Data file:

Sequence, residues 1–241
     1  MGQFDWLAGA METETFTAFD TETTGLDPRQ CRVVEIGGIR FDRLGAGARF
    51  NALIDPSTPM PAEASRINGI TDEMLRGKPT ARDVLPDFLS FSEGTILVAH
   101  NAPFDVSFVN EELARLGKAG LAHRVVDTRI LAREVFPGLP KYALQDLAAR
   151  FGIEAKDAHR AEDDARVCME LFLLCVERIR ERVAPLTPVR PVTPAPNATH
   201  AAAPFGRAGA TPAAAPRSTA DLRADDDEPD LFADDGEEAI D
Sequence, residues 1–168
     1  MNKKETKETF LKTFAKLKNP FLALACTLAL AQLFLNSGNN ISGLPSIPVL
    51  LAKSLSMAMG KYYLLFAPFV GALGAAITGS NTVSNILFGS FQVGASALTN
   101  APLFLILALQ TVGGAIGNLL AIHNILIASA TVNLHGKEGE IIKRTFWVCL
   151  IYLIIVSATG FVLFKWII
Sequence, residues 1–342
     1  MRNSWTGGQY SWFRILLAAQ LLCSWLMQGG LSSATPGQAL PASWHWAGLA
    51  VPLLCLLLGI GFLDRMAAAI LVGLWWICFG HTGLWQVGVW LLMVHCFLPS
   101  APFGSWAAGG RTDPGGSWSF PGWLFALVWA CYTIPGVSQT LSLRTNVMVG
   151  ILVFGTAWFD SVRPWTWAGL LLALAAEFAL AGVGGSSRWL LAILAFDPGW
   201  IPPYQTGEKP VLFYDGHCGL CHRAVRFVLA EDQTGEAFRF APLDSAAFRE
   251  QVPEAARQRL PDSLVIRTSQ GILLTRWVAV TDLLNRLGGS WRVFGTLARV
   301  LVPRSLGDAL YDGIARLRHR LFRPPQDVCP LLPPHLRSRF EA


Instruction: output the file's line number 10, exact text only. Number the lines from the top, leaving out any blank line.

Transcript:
   101  APLFLILALQ TVGGAIGNLL AIHNILIASA TVNLHGKEGE IIKRTFWVCL